For some of us it may be tiredness resulting from Christmas, New Year, and all that these require of us. For some it may be anticipation of what we will personally face this year. There will be folk for whom there is a nervous anticipation of something good coming to pass in this new year. Yet, for some of us the prevailing feeling may be one of sadness, even despair. This sadness could be personal, yet it could also be a response to the proposals of Presbytery as regards this congregation and our building. The passages set before us for this Sunday offer us something to begin to offset any such negativity as we may be experiencing. They offer us hope.

We have heard three passages this morning, from the prophet Isaiah, the Psalmist, and the Gospel of Luke. All three point to the presence of God in every facet of life; they all point toward the hope that such truth offers us. We began with the Psalmist in our call to worship. Here, in the midst of the storms of life, God is seen to be majestic and powerful, deserving of praise. Yet in this we are not forgotten. When we heard from Isaiah, we heard these themes continued. Irrespective of our circumstances God is seen to be with us, at our side. Finally, in the Gospel passage, the suggestion is that we immersed in God. God is seen to be all around while we are to be found in Him. In other words, there is hope. Let’s consider these passages one at a time.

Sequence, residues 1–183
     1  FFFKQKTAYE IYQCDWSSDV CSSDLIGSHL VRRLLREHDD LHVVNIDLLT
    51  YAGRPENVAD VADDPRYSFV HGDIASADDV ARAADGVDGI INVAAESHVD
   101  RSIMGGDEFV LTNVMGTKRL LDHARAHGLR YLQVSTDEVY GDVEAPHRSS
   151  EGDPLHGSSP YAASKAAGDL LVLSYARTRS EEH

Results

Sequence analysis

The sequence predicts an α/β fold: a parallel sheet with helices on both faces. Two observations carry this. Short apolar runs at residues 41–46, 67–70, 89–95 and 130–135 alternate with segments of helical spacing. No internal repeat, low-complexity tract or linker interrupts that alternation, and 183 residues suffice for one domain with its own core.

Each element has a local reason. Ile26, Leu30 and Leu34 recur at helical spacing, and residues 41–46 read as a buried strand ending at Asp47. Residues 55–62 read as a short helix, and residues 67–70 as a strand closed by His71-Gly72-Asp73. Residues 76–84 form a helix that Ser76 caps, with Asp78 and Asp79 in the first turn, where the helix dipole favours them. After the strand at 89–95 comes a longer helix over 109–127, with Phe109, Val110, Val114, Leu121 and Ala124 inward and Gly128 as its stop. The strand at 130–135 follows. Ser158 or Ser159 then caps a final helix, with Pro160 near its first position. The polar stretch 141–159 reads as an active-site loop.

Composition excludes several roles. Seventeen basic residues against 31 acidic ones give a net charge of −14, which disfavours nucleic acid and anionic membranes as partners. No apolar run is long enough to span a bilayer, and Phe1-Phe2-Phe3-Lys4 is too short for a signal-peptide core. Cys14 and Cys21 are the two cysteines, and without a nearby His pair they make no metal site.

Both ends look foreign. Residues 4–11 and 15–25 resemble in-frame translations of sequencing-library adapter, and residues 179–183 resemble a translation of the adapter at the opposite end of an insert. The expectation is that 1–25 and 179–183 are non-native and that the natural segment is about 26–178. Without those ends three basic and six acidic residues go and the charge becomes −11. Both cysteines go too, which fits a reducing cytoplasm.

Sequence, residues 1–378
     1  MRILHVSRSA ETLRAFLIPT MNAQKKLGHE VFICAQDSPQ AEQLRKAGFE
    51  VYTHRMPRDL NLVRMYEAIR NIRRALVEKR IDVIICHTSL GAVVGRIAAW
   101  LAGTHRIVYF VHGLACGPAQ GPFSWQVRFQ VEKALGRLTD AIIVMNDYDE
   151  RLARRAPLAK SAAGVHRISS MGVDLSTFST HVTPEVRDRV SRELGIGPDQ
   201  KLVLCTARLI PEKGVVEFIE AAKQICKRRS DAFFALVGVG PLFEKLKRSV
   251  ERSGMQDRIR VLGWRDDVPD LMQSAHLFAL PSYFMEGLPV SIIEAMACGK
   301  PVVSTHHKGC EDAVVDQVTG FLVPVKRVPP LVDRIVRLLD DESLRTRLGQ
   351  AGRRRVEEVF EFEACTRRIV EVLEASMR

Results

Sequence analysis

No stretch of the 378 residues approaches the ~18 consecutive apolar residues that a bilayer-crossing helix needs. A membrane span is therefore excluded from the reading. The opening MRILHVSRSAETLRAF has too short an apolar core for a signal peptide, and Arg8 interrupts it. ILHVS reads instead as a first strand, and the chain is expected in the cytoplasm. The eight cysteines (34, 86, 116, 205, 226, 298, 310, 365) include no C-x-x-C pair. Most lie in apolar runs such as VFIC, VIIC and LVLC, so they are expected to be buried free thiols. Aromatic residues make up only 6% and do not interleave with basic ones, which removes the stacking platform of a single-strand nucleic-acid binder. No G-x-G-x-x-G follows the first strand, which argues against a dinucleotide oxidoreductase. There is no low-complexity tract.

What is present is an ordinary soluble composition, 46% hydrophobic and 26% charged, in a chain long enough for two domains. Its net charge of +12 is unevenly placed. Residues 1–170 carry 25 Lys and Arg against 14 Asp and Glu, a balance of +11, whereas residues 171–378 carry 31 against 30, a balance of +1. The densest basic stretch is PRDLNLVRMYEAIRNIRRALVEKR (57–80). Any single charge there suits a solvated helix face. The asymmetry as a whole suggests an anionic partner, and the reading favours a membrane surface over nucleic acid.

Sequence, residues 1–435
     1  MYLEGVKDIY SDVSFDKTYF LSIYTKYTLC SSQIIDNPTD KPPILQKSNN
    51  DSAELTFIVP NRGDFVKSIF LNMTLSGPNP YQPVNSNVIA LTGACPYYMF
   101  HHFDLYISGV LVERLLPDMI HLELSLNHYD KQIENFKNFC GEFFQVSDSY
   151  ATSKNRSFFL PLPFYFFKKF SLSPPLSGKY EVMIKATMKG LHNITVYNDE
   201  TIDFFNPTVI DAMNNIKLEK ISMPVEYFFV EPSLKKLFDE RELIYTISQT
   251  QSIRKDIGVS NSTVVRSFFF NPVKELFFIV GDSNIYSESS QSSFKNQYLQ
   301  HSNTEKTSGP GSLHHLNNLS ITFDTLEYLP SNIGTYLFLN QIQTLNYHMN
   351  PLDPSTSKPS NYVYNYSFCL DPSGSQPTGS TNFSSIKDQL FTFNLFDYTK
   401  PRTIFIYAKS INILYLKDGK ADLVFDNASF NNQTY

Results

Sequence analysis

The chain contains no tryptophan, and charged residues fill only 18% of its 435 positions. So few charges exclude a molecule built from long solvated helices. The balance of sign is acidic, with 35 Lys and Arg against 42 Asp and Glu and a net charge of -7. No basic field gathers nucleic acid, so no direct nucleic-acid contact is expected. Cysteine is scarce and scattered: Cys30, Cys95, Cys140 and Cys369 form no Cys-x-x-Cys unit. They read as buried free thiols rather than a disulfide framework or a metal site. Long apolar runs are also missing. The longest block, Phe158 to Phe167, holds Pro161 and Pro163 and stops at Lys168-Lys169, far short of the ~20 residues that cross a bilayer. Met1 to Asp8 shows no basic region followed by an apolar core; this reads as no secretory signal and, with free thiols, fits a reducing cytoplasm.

The Psalm speaks of the voice of the Lord in the midst of the storm. The writer uses his words to attempt to capture something of the wonder and power of God even as the images of the storm trouble or frighten. The voice of God is said to be like the thunder rumbling over the seas, over the land. It is said to make everything look small by comparison, emphasising the might of the Lord. Yet, even in His greatness, the Psalmist impresses on us the assurance that God is with us. On God we can lean. In God we can find the strength to carry on when we are failing. As the Psalm closes, we are reminded that as we walk in faith we are blessed with the peace of God. His hand calms any storm we may need to pass through in our daily lives.